6 cute creatures you might never get to see

6 cute creatures you might never get to see

6 cute creatures you might never get to see

Updated 24 June 2014, 13:27 AEST

These six mammals must be among the cutest animals ever, and they’re all at home in our region – but their survival is under threat.

Poaching, predators and deforestation threaten thousands of species across the world. Australia alone has about 100 critically-endangered animal species, and the worst rate of mammal extinction of any continent. We thought it was a good time to find out about some of the little-known species in danger across Australia, Asia and the Pacific. 

Western quoll (Dasyurus geoffroii) – AUSTRALIA
Western quoll (Dasyurus geoffroii) – AUSTRALIA
The western quoll has been reintroduced in the Flinders Ranges, South Australia. Photo: ABC Licensed: Jonathon Webb

This spotted marsupial is about the size of a domestic cat and could once be found across more than 70% of the Australian mainland. In recent times the only place you would be lucky enough to see a western quoll was in one small corner of south-west Western Australia. Now, after an absence of more than a century, the species has been re-introduced to South Australia's Flinders Ranges where a 20-year baiting program has reduced fox numbers. In addition to foxes, the feral cat poses a real threat to the quoll's existence.

Numbat (Myrmecobius fasciatus) – AUSTRALIA
Numbat (Myrmecobius fasciatus)  – AUSTRALIA
The numbat is listed as an endangered species in Australia. Photo: cc Wikipedia, Helenbella

This petite marsupial of about 27cm in length can still be found in Western Australia where it is protected by conservation programs. Although it once roamed the southern parts of Australia its range is now limited to just a few small colonies. It is listed as an endangered species. The main threats to the numbat's survival are feral predators like cats and foxes, as well as loss of habitat, and fire. Re-introduction to fox-free areas began in 1980 and has so far led to an increase in population. Numbats, also known as Walpurti, are insectivores and eat termites exclusively. An adult needs to eat up to 20,000 termites a day!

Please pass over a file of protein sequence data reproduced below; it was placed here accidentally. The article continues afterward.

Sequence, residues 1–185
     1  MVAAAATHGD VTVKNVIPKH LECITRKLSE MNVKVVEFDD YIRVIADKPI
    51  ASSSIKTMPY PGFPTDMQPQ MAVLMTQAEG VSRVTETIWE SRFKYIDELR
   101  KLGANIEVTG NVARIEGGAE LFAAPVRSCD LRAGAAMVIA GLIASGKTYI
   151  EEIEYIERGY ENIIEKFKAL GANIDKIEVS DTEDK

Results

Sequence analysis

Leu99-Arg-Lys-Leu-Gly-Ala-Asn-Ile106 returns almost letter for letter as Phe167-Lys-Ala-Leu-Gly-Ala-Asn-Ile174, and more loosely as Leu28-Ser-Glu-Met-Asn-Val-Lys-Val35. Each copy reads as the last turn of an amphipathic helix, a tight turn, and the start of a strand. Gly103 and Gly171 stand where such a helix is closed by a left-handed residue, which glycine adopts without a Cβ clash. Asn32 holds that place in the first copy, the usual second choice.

The numbat is protected by conservation programs and an emblem of Western Australia

Photo: cc Wikipedia, Martybugs
Tree kangaroo (Dendrolagus) – PACIFIC & AUSTRALIA
Tree kangaroo (Dendrolagus) – PACIFIC & AUSTRALIA
The tree kangaroo breeds in treetops in the monsoon season. Photo: ABC Licensed, Robert Herrick

This beautiful animal inhabits the tropical forests of Papua New Guinea and far northeastern Queensland. Because it lives high in the trees it is extremely hard to spot. Even people researching tree kangaroos have a hard time tracking one down!

The 15-known subspecies of tree kangaroos breed in treetops in the monsoon season, giving birth to only one joey per year. The joey spends around 275 days in the pouch, followed by a weaning period of up to 240 days – one of the longest marsupial offspring and maturation periods. Only a small proportion of tree kangaroos live in protected areas so hunting, habitat degradation and predators have endangered many species.